Handgun Shooting Basics For Women In Alaska
Shooting is most definitely a thrilling hobby, as well as a means of protecting oneself. There is an extraordinary adrenaline rush, and a sense of pride, and then you do it over again. It’s incredibly exciting. It’s important that women become comfortable using firearms in Alaska, since guns are some of the best means of protecting themselves against intruders and attackers. One of the best ways to go about turning shooting into a hobby, rather than something strictly for self-defense is to learn about recreational shooting activities in Alaska, There is Practical Shooting; IDPA shooting that simulates self-defense and real life style encounters.
There is Shotgun competitions, Then there is the extremely exciting sport of 3 – Gun Shooting where your shoot a sporting rifle usually built on an AR – platform, a Shotgun, and an semi-auto pistol. There are also; Action, Silhouette, and Precision shooting competitions. If this is not enough there are also several very specific types of shooting competitions where just Rifles and Shotguns are used.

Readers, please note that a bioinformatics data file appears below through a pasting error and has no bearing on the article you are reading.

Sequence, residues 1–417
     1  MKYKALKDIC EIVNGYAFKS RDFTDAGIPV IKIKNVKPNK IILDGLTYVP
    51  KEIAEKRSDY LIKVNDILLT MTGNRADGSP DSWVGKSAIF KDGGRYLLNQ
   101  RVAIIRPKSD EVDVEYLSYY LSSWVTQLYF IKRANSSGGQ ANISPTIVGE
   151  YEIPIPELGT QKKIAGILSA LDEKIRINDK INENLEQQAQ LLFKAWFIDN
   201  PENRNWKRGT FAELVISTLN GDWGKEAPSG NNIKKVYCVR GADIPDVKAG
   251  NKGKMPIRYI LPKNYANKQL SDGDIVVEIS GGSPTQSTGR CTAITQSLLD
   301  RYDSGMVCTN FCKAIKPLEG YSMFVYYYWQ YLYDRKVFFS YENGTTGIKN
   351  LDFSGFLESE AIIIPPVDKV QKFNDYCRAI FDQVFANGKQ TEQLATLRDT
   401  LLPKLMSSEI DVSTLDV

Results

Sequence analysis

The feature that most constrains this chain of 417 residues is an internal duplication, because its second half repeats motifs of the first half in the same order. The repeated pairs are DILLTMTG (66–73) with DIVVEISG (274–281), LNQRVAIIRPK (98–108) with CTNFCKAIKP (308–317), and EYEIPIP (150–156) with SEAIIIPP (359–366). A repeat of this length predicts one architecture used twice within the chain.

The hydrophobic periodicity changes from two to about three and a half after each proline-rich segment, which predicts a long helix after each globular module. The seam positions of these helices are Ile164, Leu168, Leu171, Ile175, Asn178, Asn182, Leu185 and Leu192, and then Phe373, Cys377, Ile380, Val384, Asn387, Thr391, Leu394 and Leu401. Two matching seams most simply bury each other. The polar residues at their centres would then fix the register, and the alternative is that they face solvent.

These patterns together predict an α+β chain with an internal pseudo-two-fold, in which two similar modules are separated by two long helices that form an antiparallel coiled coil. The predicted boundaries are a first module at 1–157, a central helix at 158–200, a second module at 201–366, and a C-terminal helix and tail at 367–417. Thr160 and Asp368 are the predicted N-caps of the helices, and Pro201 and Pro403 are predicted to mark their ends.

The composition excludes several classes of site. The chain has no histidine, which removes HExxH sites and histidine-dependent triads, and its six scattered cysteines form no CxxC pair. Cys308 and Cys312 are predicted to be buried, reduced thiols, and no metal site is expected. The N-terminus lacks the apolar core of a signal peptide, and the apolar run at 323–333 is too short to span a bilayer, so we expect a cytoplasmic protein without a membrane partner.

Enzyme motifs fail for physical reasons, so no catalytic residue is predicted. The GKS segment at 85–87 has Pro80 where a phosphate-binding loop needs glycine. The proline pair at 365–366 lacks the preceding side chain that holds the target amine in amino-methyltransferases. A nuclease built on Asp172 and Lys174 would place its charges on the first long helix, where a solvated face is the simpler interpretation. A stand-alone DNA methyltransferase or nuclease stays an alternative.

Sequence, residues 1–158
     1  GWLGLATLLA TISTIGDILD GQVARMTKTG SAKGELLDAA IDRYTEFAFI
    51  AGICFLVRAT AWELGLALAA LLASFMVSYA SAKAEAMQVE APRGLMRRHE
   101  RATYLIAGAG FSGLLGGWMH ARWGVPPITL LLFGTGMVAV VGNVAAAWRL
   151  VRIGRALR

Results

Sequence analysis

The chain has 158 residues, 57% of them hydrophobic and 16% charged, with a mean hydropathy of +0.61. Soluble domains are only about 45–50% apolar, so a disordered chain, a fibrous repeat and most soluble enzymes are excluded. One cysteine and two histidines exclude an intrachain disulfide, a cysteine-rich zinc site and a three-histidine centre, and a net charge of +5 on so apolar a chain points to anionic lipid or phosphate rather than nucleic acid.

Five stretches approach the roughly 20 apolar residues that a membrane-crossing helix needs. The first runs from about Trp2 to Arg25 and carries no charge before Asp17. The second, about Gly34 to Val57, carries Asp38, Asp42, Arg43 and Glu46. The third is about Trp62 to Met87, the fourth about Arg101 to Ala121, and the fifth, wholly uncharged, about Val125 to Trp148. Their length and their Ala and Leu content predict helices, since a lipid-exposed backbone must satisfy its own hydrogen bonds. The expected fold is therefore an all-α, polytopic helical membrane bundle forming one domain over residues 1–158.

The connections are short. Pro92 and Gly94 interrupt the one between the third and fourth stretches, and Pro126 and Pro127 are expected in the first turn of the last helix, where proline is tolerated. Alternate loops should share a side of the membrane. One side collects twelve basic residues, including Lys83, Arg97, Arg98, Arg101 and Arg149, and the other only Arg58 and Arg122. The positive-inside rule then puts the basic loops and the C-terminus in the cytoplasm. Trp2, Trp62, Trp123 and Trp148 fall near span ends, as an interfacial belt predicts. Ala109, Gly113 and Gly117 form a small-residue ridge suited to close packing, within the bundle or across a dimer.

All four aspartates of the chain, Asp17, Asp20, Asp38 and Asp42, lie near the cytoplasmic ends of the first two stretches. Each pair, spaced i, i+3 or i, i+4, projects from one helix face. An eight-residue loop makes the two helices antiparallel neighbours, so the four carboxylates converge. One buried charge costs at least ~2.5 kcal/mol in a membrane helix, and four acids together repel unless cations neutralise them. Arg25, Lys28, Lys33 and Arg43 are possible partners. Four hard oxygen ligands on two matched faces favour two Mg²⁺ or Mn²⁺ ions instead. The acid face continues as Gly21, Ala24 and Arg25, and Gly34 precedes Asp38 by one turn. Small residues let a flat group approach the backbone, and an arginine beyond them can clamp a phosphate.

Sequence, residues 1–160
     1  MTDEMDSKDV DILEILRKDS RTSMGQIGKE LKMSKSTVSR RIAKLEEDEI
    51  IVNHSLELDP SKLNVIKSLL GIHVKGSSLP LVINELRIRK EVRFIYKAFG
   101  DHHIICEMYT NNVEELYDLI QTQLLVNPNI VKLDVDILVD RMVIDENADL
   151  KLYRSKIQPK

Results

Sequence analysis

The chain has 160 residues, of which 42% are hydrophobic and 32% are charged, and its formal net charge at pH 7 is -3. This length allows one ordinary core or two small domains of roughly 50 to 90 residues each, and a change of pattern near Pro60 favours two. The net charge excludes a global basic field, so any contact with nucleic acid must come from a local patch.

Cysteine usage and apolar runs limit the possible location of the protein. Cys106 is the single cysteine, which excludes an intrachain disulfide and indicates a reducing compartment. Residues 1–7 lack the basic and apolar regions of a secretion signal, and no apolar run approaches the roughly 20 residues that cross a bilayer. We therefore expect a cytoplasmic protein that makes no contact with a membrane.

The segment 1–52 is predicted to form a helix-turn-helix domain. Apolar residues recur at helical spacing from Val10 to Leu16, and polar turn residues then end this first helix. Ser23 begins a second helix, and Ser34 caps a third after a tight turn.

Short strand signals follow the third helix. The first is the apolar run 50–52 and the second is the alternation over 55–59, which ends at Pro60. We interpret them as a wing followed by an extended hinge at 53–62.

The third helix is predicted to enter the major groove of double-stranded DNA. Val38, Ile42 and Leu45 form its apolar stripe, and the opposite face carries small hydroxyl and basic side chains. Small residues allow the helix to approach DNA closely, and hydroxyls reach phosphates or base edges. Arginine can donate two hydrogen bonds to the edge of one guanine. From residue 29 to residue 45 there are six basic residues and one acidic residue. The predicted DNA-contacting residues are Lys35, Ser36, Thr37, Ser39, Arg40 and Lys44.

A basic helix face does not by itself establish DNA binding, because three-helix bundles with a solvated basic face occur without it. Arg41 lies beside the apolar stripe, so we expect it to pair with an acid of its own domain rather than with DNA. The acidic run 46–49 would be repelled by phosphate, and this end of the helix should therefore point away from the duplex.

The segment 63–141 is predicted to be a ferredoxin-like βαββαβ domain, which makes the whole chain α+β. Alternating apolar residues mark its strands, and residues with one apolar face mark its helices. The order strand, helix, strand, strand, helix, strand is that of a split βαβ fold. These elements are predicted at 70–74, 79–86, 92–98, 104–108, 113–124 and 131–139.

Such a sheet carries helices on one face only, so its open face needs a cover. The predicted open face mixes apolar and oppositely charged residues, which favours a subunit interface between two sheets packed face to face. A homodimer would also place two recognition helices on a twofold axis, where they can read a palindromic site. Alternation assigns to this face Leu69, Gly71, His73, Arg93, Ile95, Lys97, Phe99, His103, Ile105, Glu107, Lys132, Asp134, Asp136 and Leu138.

New Women Shooters; Pistol, Rifle, Shotgun: What’s the Difference In Alaska?
It can be a bit confusing to keep these terms separate, especially when you’re in conversation with a gun expert in Alaska who just prattles on and on! When you’re trying to figure out which type of firearm would work best for your home and/or personal self-defense, it’s important to be able to make an informed decision. Here’s a quick run-down to help you out:
A handgun is a firearm designed to be handheld, in either one or both hands. This can be a Pistol (Semi-auto) or a revolver. Handguns are much more suited to home and especially for personal defense. This is what you would carry around during your daily activities if you get a concealed carry permit in Alaska. The barrel is much shorter than both a rifle and shotgun, as it’s designed to be held with one or both hands, rather than placed against your shoulder. Most pistol barrels are grooved in a similar manner to that of rifles.